Lurking beneath the Desert Dome is another world class exhibit - the Kingdoms of the Night.  In darkened hallways, aardvarks, porcupines, fossa, night monkeys, and even more bats can be encountered, as well as Japanese giant salamanders.  The salamanders herald the entrance to the Wet Cave, a boardwalk leading over a dark swamp patrolled by beavers, bullfrogs, and, of course, alligators.  As a rule I tend to be skeptical of nocturnal exhibits, as I feel that you rarely actually see anything more than a dark shape shuffling against a dark background.  This one shut me up.


Completing the zoo's trifecta of buildings around the entrance complex is the Scott Kingdom of the Seven Seas Aquarium.  It's a typical zoo aquarium, meaning it hits the required notes - a shark exhibit, an Amazon tank, sea turtle, jellyfish, and, of course, penguins and puffins.  Of special interest to the zoo connoisseur are the weedy and leafy sea dragons and the Japanese spider crabs.  Nearby is an Insectarium, including a butterfly walk-through habitat and a jungle exhibit with giant arthropods from around the world.  The zoo is very involved in the conservation of the endangered Salt Creek tiger beetle, though none are on display.


So extraordinary are many of Omaha's exhibits that displays that would be world-renown at other facilities, I'm just getting to describing now.  Consider the great ape exhibits - the Hubbard Gorilla and Orangutan Forests.  The apes are the stars, of course - the gorillas have a grassy rolling lawn while the orangutans share a towering outdoor climbing structure with siamangs - with indoor viewing also available for both species.  Surrounding the apes are habitats for other Asian and African species, such as ground hornbills, red river hogs, and Francois langurs.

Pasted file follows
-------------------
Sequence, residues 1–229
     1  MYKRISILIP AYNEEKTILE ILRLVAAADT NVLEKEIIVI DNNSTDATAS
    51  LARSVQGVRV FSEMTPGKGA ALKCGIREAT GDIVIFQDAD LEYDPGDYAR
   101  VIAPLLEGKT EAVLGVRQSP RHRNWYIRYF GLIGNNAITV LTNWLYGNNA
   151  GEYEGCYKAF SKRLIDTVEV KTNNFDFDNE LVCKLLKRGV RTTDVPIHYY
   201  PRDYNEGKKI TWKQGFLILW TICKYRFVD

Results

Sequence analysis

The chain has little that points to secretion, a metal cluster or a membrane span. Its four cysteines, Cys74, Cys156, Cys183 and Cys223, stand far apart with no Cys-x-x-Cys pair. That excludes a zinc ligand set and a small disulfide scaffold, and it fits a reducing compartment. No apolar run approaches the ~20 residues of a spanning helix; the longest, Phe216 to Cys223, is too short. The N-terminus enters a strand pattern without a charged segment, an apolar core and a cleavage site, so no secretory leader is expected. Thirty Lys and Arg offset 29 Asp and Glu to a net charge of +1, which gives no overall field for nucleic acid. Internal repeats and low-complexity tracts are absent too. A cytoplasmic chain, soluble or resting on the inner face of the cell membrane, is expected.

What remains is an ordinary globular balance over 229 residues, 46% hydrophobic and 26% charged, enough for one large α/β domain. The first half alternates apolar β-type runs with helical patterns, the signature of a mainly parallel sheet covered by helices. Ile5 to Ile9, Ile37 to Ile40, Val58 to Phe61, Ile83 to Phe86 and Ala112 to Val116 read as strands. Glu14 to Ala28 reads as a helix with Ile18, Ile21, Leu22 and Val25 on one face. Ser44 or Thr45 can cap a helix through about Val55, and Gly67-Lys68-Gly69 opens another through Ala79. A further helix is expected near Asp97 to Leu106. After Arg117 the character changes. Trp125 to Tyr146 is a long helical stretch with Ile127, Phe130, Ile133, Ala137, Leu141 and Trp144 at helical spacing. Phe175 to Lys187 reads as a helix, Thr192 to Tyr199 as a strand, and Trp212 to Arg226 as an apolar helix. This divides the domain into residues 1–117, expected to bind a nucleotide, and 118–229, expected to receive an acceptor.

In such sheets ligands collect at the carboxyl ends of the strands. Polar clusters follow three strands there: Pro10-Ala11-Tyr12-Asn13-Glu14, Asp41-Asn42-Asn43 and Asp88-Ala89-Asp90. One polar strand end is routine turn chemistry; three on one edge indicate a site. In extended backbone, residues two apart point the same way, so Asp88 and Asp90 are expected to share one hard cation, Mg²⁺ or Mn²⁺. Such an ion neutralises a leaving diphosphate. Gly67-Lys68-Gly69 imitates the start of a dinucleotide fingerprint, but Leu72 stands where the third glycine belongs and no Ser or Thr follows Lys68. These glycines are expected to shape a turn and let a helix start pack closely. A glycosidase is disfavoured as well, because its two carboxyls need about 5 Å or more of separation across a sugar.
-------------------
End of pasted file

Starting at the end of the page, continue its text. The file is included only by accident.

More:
Even more primates are seen in the indoor/outdoor Expedition Madagascar. Nearly a dozen species of lemurs call Omaha home, from the ubiquitous ring-tailed lemur to the rarely exhibited aye-aye.  The building goes beyond lemurs, however, also housing rarely seen small mammals, birds, reptiles, and amphibians from the island continent, such as radiated tortoises, jumping rats, and Madagascar teal.  During the warmer months, many of the lemurs can be viewed in an outdoor enclosure.  Also outdoors is a habitat for their arch predator, the fossa.  Madagascar is rarely highlighted as a geographic area by zoos, but for Omaha, it is more than appropriate - the zoo is extremely involved in Malagasy field conservation, and has even been responsible for the discovery of new lemur species.